Figure 2. Knock-down of lncRNA-LALR1 suppresses growth and invasion of HCC cells in vitro. (A) CCK-8 assay showing knockdown of lncRNA-LALR1 decreases the proliferation ability compared with control group of SMMC-7721 cells. (B) Colony formation assay showing lncRNA-LALR1 knockdown reduces the growth ability compared with control group of SMMC-7721 cells. (C) Colony formation assay showing lncRNA-LALR1 knockdown reduces the growth ability compared with control group of SMMC-7721 cells. (D) CCK-8 assay showing knockdown of lncRNA-LALR1 decreases the proliferation ability compared with control group of HepG2 cells. (E) Colony formation assay showing lncRNA-LALR1 knockdown reduces the growth ability compared with control group of HepG2 cells. (F) Colony formation assay showing lncRNA-LALR1 knockdown reduces the growth ability compared with control group of HepG2 cells. (G) Western Blot assay showing knockdown of lncRNA-LALR1 downregulates cyclinD1, cyclinE1, MMP-2 and MMP-9. (H) Transwell invasion assay showing lncRNA-LALR1 silencing decreases the invasion ability compared with control group of SMMC-7721 cells. (I) Transwell invasion assay showing lncRNA-LALR1 silencing decreases the invasion ability compared with control group of HepG2 cells. *: P < 0.05; **: P < 0.01; ***: P < 0.001.

Knock-down of lncRNA-LALR1 inhibits growth of HCC cells in vivo. (A) The tumor volumes after knockdown of lncRNA-LALR1. (B) Knockdown of lncRNA-LALR1 decreases tumor volumes. (C) Knockdown of lncRNA-LALR1 decreases tumor weights. (D) Immunohistochemistry showing lncRNA-LALR1 silencing leads to a reduce of Ki67 protein levels. (E) LncRNA-LALR1 silencing reduces Ki67 protein levels. *: P

Figure 3. Knock-down of lncRNA-LALR1 inhibits growth of HCC cells in vivo. (A) The tumor volumes after knockdown of lncRNA-LALR1. (B) Knockdown of lncRNA-LALR1 decreases tumor volumes. (C) Knockdown of lncRNA-LALR1 decreases tumor weights. (D) Immunohistochemistry showing lncRNA-LALR1 silencing leads to a reduce of Ki67 protein levels. (E) LncRNA-LALR1 silencing reduces Ki67 protein levels. *: P < 0.05; **: P < 0.01; ***: P < 0.001.

Knockdown of lncRNA-LALR1 changes the expression of genes associated with nuclear processes

RNA sequencing was applied to explore the gene expression profile changes after lncRNA-LALR1 silencing. The results showed that knockdown of lncRNA-LALR1 upregulated 540 genes and downregulated 145 genes (fold change>2, P<0.05) (Supplementary Figure 3A). GO analysis revealed that lncRNA-LALR1 was profoundly correlated with nuclear components and processes (Figure 4A4B, Supplementary Figure 3B). Furthermore, KEGG analysis determined that lncRNA-LALR1 silencing significantly changed signaling pathways such as p53 signaling pathway, NF-κB signaling pathway and MAPK signaling pathway (Figure 4C). These results showed that lncRNA-LALR1 might promote the progression of HCC through regulating nuclear processes.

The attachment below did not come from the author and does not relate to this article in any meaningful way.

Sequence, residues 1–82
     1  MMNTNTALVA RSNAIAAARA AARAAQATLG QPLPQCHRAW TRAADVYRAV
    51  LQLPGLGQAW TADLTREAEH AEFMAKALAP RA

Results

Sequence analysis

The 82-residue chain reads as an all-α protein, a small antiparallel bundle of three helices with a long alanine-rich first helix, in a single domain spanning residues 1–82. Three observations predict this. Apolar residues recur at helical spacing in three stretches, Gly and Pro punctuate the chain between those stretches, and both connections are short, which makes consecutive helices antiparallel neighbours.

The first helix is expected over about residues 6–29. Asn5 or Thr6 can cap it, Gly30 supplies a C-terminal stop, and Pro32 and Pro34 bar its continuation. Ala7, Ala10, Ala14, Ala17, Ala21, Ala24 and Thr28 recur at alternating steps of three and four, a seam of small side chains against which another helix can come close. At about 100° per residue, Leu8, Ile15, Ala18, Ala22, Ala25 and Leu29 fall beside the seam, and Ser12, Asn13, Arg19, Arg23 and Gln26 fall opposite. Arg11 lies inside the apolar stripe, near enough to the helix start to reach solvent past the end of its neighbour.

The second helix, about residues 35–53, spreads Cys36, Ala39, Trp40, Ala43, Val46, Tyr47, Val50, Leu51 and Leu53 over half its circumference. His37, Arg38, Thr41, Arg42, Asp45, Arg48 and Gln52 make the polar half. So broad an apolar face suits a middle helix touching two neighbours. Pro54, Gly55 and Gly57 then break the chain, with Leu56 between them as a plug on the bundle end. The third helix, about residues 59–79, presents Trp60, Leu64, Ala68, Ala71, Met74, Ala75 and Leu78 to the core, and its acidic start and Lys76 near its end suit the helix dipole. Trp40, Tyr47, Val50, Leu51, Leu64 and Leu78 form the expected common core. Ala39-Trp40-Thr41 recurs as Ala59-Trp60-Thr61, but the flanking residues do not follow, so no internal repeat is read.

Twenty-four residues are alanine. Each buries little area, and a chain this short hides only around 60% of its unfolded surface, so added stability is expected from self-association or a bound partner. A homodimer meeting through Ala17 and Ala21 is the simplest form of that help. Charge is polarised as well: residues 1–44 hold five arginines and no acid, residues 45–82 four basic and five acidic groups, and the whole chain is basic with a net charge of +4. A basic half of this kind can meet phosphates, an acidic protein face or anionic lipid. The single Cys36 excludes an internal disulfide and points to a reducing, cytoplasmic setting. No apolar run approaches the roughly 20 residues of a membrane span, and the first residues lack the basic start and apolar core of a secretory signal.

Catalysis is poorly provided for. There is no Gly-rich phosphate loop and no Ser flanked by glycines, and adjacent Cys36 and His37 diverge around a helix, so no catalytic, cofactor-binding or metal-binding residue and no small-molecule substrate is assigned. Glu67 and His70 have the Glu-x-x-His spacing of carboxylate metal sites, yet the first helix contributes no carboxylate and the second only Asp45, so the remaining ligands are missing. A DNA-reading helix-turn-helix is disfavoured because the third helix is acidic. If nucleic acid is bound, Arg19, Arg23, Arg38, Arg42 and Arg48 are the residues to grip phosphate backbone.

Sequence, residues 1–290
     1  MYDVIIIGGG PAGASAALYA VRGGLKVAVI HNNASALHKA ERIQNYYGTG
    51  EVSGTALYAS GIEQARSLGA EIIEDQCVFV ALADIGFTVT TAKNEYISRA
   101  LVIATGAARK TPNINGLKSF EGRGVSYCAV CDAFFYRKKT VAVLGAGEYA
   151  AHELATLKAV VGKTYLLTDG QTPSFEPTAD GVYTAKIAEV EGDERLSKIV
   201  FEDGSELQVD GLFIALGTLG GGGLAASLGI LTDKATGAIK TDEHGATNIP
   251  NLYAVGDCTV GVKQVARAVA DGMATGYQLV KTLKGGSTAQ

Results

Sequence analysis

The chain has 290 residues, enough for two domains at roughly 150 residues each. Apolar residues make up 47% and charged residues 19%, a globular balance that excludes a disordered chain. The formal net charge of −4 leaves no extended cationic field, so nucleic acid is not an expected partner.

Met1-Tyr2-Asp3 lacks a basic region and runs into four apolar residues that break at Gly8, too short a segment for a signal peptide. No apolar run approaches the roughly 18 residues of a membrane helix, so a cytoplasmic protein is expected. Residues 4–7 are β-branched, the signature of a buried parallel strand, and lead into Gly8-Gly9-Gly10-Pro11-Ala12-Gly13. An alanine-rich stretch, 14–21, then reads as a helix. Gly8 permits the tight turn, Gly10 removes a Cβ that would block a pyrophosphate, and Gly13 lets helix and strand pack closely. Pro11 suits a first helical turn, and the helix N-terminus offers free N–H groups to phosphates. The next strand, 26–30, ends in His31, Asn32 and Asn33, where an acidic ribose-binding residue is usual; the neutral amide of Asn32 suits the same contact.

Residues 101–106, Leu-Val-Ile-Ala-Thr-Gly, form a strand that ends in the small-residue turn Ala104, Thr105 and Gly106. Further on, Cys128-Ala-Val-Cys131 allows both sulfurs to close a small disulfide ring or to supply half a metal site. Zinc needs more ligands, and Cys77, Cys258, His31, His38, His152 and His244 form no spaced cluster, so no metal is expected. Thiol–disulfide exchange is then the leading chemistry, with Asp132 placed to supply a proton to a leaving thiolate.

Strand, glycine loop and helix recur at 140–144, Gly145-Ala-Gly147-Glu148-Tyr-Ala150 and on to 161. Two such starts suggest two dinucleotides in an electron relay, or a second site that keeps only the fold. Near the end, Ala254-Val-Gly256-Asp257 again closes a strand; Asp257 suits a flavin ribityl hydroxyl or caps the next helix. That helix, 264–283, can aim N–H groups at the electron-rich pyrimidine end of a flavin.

GO and KEGG analysis of differentially expressed genes after knockdown of lncRNA-LALR1. (A) Cellular component analysis of the differentially expressed genes. (B) Cellular process analysis of the differentially expressed genes. (C) KEGG signaling analysis of the differentially expressed genes.

Figure 4. GO and KEGG analysis of differentially expressed genes after knockdown of lncRNA-LALR1. (A) Cellular component analysis of the differentially expressed genes. (B) Cellular process analysis of the differentially expressed genes. (C) KEGG signaling analysis of the differentially expressed genes.

LncRNA-LALR1 upregulates SNORD72 and ID2 in HCC cells

The expressions of the top 16 differentially expressed genes were then verified by qRT-PCR. The results showed that knockdown of lncRNA-LALR1 significantly decreased SNORD72 (P<0.01) and ID2 expression (P<0.01) (Supplementary Figure 3C). We also found that knockdown of lncRNA-LALR1 lowered the expression of other snoRNAs (P<0.01) (Supplementary Figure 4). We verified that knockdown of lncRNA-LALR1 significantly decreased the expression of SNORD72 and ID2 in both SMMC-7721 (P<0.01) and HepG2 cells (P<0.05) (Figure 5A5D). FISH assay also confirmed the results (Figure 5E5F). Although it has been reported snoRNAs could shuttle between cytoplasm and nucleolus, the sub-cellular localization of SNORD72 has yet to be revealed. We found that SNORD72 was expressed in both cytoplasm and nucleolus (Figure 5G). Interestingly, we found that lncRNA-LALR1 co-localized with SNORD72 in HepG2, SMMC-7721, PLC/PRF/5, and SK-Hep1 cells (Figure 5G). RNA pulldown assay revealed that lncRNA-LALR1 could interact with SNORD72 (P<0.001) and ID2 mRNA (P<0.01) (Figure 5H). As lncRNAs could regulate the target molecules expression at post-transcriptional levels [16], we tested the effect of lncRNA-LALR1 on the mRNA stability of SNORD72 and ID2 mRNA in HCC cells. We found that knockdown of lncRNA-LALR1 significantly decreased the stability of ID2 mRNA (P<0.05) (Figure 5I) but not SNORD72 (P>0.05) (Figure 5J). Taken together, these results demonstrated that lncRNA-LALR1 unpregulates SNORD72 and stabilizes ID2 mRNA in HCC cells.